Implementing co-routines

Implementing Co-routines in FOP

All general page layout systems have to solve the same fundamental problem: expressing a flow of text with its own natural structure as a series of pages corresponding to the physical and logical structure of the output medium. This simple description disguises many complexities. Version 1.0 of the Recommendation, in Section 3, Introduction to Formatting , includes the following comments.

[Formatting] comprises several steps, some of which depend on others in a non-sequential way.
[R]efinement is not necessarily a straightforward, sequential procedure, but may involve look-ahead, back-tracking, or control-splicing with other processes in the formatter.

Section 3.1, Conceptual Procedure, includes:

The procedure works by processing formatting objects. Each object, while being processed, may initiate processing in other objects. While the objects are hierarchically structured, the processing is not; processing of a given object is rather like a co-routine which may pass control to other processes, but pick up again later where it left off.

Application of co-routines

If one looks only at the flow side of the equation, it's difficult to see what the problem might be. The ordering of the elements of the flow is preserved in the area tree, and where elements are in an hierarchical relationship in the flow, they will generally be in an hierarchical relationship in the area tree. In such circumstances, the recursive processing of the flow seems quite natural.

The problem becomes more obvious when one thinks about the imposition of an unrelated page structure over the hierarchical structure of the document content. Take, e.g., the processing of a nested flow structure which, at a certain point, is scanning text and generating line-areas, nested within other block areas and possibly other line areas. The page fills in the middle of this process. Processing at the lowest level in the tree must now suspend, immediately following the production of the line-area which filled the page. This same event, however, must also trigger the closing and flushing to the area tree of every open area of which the last line-area was a descendant.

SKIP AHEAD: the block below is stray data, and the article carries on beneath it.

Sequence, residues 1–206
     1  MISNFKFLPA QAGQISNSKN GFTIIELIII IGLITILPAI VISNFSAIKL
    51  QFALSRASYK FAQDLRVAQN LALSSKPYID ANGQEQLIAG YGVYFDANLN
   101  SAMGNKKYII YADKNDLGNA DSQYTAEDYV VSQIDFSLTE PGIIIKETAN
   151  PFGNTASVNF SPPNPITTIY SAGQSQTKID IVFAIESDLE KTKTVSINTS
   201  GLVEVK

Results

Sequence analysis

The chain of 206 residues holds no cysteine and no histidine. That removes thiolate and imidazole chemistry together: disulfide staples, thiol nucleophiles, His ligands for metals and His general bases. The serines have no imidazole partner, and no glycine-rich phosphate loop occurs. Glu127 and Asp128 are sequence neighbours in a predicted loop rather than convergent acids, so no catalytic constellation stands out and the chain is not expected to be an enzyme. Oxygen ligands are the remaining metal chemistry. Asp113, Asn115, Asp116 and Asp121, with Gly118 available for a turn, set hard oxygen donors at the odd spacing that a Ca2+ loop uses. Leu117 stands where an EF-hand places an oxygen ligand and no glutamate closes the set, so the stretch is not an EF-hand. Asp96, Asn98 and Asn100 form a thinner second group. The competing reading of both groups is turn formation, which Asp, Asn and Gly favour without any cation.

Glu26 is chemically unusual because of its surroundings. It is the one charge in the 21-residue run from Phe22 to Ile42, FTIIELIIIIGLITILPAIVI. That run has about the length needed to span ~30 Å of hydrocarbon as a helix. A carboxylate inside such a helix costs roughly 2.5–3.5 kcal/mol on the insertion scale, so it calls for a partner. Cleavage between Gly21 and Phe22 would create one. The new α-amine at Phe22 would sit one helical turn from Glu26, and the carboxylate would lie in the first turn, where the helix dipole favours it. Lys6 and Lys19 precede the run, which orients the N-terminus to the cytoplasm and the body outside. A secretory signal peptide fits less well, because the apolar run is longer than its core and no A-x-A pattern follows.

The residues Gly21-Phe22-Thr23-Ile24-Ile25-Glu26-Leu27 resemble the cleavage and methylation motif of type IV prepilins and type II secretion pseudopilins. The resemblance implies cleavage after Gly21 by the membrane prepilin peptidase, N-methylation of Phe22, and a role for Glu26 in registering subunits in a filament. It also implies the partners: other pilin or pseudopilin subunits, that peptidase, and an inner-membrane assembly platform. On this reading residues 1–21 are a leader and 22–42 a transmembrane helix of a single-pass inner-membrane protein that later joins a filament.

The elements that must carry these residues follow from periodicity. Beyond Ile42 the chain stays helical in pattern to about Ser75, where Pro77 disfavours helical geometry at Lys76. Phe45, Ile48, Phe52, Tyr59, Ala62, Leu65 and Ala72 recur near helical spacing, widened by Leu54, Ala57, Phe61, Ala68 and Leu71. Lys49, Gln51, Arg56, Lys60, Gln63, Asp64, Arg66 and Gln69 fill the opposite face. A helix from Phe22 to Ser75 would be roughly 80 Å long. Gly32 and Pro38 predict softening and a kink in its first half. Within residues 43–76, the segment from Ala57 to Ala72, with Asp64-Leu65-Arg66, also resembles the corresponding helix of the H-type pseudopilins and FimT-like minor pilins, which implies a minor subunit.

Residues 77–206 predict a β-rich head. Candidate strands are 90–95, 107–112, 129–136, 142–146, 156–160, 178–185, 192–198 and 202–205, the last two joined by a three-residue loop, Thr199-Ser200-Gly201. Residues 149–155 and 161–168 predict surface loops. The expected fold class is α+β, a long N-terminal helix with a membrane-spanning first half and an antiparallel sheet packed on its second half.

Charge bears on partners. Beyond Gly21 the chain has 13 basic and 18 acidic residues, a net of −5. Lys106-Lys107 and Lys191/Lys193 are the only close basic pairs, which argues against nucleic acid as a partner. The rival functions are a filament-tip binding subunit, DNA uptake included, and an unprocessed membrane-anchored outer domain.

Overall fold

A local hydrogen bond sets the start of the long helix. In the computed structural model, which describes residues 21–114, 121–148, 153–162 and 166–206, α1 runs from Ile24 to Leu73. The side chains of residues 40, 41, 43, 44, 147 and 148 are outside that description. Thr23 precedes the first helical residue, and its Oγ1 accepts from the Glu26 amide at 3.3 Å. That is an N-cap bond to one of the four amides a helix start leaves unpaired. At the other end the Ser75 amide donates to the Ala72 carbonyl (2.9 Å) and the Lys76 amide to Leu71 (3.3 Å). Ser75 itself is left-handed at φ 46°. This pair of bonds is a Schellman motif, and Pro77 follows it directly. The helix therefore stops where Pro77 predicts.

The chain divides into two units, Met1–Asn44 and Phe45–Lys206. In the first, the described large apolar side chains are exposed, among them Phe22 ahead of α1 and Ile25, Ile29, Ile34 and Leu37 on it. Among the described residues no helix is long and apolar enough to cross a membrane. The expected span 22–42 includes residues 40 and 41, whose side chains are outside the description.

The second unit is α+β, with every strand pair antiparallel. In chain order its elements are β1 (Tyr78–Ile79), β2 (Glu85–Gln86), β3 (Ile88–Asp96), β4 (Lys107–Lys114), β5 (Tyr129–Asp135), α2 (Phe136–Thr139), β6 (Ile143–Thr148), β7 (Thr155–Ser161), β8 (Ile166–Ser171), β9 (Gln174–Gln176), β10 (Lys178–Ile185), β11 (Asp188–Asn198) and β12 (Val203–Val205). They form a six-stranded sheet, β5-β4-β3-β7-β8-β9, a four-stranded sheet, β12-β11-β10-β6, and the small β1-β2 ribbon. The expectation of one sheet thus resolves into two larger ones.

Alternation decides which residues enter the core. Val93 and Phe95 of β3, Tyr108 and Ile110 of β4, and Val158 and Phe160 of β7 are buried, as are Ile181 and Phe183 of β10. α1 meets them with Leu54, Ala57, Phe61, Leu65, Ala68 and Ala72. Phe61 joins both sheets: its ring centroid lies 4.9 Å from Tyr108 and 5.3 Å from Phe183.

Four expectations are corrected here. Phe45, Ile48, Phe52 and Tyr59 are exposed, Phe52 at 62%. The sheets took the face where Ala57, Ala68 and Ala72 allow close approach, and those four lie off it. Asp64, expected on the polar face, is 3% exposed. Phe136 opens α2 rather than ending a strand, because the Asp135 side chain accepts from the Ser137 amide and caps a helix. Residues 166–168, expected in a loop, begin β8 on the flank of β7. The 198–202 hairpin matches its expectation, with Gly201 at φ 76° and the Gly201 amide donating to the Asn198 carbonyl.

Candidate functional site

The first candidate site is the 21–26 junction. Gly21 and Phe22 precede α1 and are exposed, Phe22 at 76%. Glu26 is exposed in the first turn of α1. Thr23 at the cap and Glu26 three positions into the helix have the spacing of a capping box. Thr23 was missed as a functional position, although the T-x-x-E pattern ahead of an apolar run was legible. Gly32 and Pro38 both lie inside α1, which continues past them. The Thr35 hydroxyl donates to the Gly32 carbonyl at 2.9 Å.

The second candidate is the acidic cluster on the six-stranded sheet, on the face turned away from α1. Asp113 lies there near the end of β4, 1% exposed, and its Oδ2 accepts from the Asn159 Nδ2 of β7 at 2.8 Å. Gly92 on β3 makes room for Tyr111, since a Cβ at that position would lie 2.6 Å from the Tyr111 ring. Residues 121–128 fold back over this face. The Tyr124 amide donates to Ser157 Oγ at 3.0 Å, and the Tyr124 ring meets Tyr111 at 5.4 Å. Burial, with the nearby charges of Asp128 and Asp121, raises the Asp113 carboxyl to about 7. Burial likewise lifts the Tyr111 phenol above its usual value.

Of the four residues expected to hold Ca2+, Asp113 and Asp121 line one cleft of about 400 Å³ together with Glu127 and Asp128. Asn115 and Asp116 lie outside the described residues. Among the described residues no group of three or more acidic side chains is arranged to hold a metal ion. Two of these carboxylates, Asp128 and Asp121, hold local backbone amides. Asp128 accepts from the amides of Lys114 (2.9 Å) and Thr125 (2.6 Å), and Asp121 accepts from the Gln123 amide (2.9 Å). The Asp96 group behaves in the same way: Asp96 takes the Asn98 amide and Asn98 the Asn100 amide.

Once all of these areas have been closed, some dormant process or processes must wake up, flush the area sub-tree representing the page, and open a new page sub-tree in the area tree. Then the whole nested structure of flow objects and area production must be re-activated, at the point in processing at which the areas of the previous page were finalised, but with the new page environment. The most natural way of expressing the temporal relationship of these processes is by means of co-routines.

Normal sub-routines (methods) display a hierarchical relationship where process A suspends on invoking process B, which on termination returns control to A which resumes from the point of suspension. Co-routines instead have a parallel relationship. Process A suspends on invoking process B, but process B also suspends on returning control to process A. To process B, this return of control appears to be an invocation of process A. When process A subsequently invokes B and suspends, B behaves as though its previous invocation of A has returned, and it resumes from the point of that invocation. So control bounces between the two, each one resuming where it left off.

Figure 1

Co-routine diagram

For example, think of a page-production method working on a complex page-sequence-master.

          void makePages(...) {
              while (pageSequence.hasNext()) {
                  page = generateNextPage(...);
                  boolean over = flow.fillPage(page);
                  if (over) return;

The fillPage() method, when it fills a page, will have unfinished business with the flow, which it will want to resume at the next call; hence co-routines. One way to implement them in Java is by threads synchronised on some common argument-passing object.

by Peter B. West